With product experiences more likely to touch the consumer through advantaged and differentiated brands, a new plenary session we’ve not seen before on the stage debuts on the 25th, “Effectively Communicating the Benefits of Industrial Biotechnology”, with Herman Betten, Global Head of Public Relations, DSM, Melody Bomgartner, Senior Business Editor, Chemical & Engineering News, Doris de Guzman, Senior Consultant – Bio-Materials, Tecnon OrbiChem USA, Stephan Herrera, Vice President, Strategy and Public Affairs, Evolva, and Sylvie Latieule, Director, Info Chimie Magazine.

Big Things Come in Sustainable Packages

The World Congress turns back to the the “Revolution in Biobased Products and Packaging” — a second plenary session on July 26th aimed at the emerging world of biomaterials and taking into account the changes in packaging. We’ll see Thijs Rodenburg, Chief Executive Officer, Rodenburg Biopolymers, Michael Saltzberg, Global Business Director, Biomaterials, DuPont Industrial Biosciences, Gustavo Sergi, Renewable Chemicals Business Director, Braskem, Puneet Trehan, Material Innovation and Development Leader, IKEA and Bob Walsh, Senior Vice President, Energy Sector, Intrexon.

Takeaways from the World Congress line-up this year?

First of all, it’s worth noting that there is hardly a speaker on stage whose organization is not multi-national in character or at least based entirely outside of North America. Industrial biotech is spreading around the globe and there’s a capital W in “World Congress” this year. Also worth noting that one-half of the plenary sessions take on renewable chemicals and biomaterials this year in some form — fuels are still in the foreground for many players — but the focus on materials and on products that more permanently sequester carbon is patently on view.

We also note the rise of big-budgeted major players and technologies in advanced states of technical readiness — there’s been quite a shift from the R to the D — players like Cargill, DuPont, DSM, IKEA, SEKAB, Air Canada, BASF, Stora Enso, and Braskem are clear evidence in the plenaries. Not to mention listed industrial biotech companies like Evolva, Intrexon and Global Bioenergies.

Finally, we note a shift away from the tradition of policymakers and consultants talking up the promise of industrial biotech and the opportunities they see for market access and decarbonizing the economy. The themes have changed from role-definition and roll-call to roll-out, roll-up. and roll-on — and that’s a potent and welcome sign of the times.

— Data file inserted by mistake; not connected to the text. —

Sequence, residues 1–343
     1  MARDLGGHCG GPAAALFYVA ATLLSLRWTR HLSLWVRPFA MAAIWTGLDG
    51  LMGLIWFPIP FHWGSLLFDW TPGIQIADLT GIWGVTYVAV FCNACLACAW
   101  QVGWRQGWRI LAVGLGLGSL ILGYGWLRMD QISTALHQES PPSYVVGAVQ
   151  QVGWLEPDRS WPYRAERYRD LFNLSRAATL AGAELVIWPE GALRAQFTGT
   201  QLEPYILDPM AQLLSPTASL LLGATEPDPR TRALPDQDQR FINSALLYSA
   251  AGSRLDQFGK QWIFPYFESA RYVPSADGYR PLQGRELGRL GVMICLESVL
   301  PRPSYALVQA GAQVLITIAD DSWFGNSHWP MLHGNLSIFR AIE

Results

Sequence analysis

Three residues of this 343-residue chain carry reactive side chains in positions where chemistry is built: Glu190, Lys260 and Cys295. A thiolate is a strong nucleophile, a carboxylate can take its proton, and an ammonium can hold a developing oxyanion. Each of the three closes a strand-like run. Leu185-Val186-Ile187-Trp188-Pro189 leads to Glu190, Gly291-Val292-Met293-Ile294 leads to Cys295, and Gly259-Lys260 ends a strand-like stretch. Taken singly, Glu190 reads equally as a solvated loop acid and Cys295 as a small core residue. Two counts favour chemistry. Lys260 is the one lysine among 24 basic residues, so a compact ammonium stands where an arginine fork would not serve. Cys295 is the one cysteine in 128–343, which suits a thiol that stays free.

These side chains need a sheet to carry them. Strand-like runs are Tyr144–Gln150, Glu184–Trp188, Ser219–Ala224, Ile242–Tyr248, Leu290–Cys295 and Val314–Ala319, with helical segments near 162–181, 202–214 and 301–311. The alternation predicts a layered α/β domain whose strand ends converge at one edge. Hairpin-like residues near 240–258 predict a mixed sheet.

This article first appeared in Biofuels Digest, May 15, 2017 and is reprinted with permission, http://www.biofuelsdigest.com/bdigest/2017/05/15/bio-world-congress-agenda-shows-industrial-biotech-diversifying-differentiating-disrupting-disintermediating/.
©2017 Biofuels Digest. All rights reserved.

One Health for the 21st Century

In remarkable ways, the embracing of the One Health concept over the last decade has resulted in a dramatic shift in the discussions, practices, polices and partnerships that link the health of people, animals and our shared environments. In part, One Health has benefited from many innovative, collaborative efforts well underway and years in the making.  In other ways, the efforts have been focused on improving on 20th Century approaches and meeting 20th Century goals rather than boldly leading us into the 21st Century.  While the movement has had positive effects, the challenge remains to expand stakeholder engagement in One Health and think more broadly about where opportunities for impact may lie.

One Health is not only about infectious diseases; non-transmissible diseases, the health of plants and animals, the quality of our water and air, and the safety of the environment in which we live, share, and depend all fit within the rubric. But since infections shared among animals and people account for nearly two-thirds of human infectious diseases, and the majority of these are from wildlife, “low-hanging fruit” for collaborative benefits can be found at the human/animal/environment interface of infectious diseases and even pandemics.  The environment and how we interact with it is key because we know that the leading drivers of disease emergence in humans result from activities such as land use change, food production systems, and trade and travel.  This reality reveals the need to embrace a wider range of civil society and private sector partners and indicates the valuable role that the biotechnology sector can play.